The Non-Essential Church

The Non-Essential Church May 23, 2020

Yesterday, Trump declared churches and houses of worship to be “essential” and called on governors to lift restrictions on religious gatherings–threatening to override those restrictions if they weren’t lifted.

Image by Marian Kirby via Pixabay CC0 (cropped)

In my home state, Minnesota, , Gov. Walz announced this afternoon that in-person religious services can resume on May 17, with restrictions and in accordance with social distancing guidelines.

I agree with many others who have taken issue with Trump’s assertion that the church and houses of worship should be considered “essential.” From the perspective of (good) Christian theology, the gathered church is by no means essential.

The gospel is essential, the kingdom/kin-dom of God is essential. Love is essential. Witness to God’s love and to God’s reconciliation with the world is essential. But the church? The church is instrumental. It is parenthetical. The institutional (gathered) church can be a powerful witness to God’s work and it can be an effective witness to God’s love. But it is not essential.

Karl Barth, who wrote the massive Church Dogmatics, suggested, in The Epistle to the Romans,  that the “fall of the church is not the end.”  God’s reign transcends the institutional church. The church’s vocation is to witness to God’s love and reconciliation in Christ, with the world, As a witness, it is not the thing itself to which it points (or better: it is not the one to whom it points).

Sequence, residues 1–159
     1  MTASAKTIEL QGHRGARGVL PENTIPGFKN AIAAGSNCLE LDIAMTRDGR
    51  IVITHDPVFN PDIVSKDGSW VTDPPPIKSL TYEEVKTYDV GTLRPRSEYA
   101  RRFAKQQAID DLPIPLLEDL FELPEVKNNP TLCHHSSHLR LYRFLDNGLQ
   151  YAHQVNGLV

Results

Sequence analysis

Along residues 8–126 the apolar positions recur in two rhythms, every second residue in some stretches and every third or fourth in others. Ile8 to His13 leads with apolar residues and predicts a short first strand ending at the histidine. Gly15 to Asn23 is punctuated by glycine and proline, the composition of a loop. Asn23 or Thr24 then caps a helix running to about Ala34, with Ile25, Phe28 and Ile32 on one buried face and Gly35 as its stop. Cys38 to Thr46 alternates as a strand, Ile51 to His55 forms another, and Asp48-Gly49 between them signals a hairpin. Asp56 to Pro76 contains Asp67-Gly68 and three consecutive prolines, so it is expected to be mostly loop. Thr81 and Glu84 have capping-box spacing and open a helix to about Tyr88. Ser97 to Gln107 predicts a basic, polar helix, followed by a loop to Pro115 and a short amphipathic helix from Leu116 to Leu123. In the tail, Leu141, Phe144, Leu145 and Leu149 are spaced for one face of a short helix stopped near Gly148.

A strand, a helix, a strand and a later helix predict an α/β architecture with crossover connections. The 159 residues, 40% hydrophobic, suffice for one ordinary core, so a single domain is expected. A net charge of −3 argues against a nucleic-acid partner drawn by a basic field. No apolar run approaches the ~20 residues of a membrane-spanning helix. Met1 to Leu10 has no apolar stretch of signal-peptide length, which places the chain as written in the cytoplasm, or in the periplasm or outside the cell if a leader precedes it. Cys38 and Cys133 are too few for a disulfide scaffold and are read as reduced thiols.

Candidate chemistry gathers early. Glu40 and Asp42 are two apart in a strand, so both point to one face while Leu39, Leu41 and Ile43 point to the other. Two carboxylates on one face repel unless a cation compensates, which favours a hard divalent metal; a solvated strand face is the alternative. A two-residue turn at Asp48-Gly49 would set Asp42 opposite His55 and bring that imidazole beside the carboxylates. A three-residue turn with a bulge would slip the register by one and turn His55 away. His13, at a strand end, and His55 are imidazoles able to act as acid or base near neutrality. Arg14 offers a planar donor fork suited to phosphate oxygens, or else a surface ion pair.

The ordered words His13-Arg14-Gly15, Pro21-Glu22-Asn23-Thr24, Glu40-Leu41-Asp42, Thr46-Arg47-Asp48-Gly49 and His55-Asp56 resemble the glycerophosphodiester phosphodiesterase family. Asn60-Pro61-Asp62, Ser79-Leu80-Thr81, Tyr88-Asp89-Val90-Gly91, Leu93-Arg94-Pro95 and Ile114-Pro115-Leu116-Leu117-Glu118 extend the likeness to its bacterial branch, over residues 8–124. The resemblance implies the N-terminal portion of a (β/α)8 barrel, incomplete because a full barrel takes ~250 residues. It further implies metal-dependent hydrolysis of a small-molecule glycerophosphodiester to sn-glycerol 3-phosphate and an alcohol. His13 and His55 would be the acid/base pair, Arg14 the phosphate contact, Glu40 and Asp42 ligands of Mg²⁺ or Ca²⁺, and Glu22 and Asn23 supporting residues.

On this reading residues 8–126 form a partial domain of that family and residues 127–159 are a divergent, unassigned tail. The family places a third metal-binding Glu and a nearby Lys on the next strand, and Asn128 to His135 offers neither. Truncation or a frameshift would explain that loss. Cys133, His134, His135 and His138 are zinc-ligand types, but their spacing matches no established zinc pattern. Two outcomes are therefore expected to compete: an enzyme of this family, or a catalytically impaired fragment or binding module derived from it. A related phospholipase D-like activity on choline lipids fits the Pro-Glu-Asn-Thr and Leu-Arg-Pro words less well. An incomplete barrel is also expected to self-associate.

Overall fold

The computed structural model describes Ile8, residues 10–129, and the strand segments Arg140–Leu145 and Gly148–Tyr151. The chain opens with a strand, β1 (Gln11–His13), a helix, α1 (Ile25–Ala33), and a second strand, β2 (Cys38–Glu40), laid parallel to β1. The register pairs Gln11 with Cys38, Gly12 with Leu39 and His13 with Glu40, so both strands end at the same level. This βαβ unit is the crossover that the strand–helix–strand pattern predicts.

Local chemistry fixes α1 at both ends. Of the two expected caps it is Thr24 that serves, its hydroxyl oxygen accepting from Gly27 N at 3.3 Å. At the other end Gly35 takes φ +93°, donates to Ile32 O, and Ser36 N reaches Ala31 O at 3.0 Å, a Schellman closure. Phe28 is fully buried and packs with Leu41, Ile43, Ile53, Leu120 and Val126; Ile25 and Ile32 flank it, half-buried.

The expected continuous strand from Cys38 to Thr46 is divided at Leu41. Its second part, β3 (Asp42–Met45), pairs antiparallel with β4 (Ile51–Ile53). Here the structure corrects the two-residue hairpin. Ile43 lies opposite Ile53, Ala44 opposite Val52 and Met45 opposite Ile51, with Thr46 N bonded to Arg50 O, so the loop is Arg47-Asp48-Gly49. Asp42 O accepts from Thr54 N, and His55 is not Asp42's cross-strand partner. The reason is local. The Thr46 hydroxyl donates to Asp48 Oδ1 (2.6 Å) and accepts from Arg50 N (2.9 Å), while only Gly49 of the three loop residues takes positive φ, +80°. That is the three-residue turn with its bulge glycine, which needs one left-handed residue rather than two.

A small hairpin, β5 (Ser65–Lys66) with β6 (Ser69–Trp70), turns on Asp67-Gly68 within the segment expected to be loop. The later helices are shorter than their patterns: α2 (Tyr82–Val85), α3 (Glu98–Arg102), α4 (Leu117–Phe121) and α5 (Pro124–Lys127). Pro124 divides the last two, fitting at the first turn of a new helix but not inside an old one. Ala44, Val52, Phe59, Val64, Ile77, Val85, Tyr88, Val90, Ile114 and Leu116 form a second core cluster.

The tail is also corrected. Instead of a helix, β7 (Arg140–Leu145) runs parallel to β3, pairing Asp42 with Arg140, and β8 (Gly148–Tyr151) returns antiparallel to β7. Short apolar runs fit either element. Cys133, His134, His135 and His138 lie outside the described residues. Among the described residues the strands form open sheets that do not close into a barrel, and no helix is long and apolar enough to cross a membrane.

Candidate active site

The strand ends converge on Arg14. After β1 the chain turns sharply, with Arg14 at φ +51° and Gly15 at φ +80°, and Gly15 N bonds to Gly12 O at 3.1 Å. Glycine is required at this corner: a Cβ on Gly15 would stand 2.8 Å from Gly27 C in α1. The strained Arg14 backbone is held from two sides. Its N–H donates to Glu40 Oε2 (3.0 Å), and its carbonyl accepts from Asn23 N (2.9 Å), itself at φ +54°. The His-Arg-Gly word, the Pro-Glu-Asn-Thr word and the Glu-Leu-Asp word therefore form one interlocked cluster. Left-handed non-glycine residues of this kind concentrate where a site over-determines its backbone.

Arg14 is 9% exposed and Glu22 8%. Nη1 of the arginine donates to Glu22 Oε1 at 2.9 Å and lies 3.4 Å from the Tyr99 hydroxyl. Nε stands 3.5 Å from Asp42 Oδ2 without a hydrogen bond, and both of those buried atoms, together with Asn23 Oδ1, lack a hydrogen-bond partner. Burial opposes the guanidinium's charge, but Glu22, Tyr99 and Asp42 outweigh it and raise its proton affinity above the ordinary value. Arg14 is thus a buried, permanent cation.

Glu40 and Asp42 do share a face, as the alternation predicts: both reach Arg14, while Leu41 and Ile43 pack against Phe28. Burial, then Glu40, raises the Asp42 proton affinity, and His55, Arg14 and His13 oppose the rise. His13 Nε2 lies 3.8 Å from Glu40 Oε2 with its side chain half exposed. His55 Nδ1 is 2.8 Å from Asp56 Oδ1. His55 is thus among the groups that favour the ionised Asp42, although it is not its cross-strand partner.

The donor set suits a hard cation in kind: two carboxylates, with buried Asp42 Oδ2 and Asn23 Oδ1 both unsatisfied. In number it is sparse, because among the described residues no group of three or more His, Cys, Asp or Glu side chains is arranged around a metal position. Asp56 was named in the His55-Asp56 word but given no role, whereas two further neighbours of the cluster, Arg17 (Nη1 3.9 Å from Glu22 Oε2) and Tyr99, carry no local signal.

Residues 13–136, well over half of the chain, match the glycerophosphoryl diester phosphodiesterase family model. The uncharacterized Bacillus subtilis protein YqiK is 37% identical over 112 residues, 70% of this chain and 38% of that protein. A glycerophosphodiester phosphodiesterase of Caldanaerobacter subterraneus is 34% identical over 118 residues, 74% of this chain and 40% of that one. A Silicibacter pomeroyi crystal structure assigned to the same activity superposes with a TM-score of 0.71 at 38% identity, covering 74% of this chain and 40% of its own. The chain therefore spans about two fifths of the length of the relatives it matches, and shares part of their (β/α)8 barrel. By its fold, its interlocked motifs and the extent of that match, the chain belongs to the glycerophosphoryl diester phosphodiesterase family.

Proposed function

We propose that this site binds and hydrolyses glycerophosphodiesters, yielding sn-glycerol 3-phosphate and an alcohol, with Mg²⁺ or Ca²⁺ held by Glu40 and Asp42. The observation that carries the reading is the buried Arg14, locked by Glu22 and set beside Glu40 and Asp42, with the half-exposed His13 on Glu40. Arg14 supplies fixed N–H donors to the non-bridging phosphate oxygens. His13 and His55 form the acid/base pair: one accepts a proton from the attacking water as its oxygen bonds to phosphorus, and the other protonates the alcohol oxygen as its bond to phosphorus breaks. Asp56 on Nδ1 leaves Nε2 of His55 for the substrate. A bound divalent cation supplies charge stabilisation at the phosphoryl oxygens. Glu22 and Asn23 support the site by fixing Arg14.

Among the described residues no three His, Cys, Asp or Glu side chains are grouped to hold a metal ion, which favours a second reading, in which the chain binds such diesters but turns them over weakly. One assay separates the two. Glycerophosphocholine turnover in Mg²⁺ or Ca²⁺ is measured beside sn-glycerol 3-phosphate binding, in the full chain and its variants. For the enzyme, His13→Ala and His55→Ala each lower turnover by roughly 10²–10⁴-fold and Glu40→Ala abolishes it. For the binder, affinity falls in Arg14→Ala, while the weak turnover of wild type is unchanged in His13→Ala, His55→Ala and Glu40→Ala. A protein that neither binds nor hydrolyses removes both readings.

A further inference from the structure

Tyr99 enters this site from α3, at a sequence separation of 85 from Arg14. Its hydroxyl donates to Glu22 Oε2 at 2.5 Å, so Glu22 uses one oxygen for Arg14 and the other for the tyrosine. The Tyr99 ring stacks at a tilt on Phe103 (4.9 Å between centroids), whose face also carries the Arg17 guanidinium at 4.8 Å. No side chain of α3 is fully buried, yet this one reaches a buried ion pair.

The church is often tempted to identify itself with the kingdom or kin-dom of God. But that is a recipe for failure and disaster.

Furthermore, the gathered (and institutional) church does not comprise the church in its fullness and its scope–not even close.

I’m not saying the church is not important. I’m not saying the church doesn’t have a role to play in God’s work in the world. Many of us find spiritual healing, community, hope, and encouragement in the gathered church.

But as pastors and church leaders consider the prospects of reopening our churches and houses of worship, there are some theological resources we can consult and a theology of church (or ecclesiology) we can consider. These can help us keep perspective on what is really essential.

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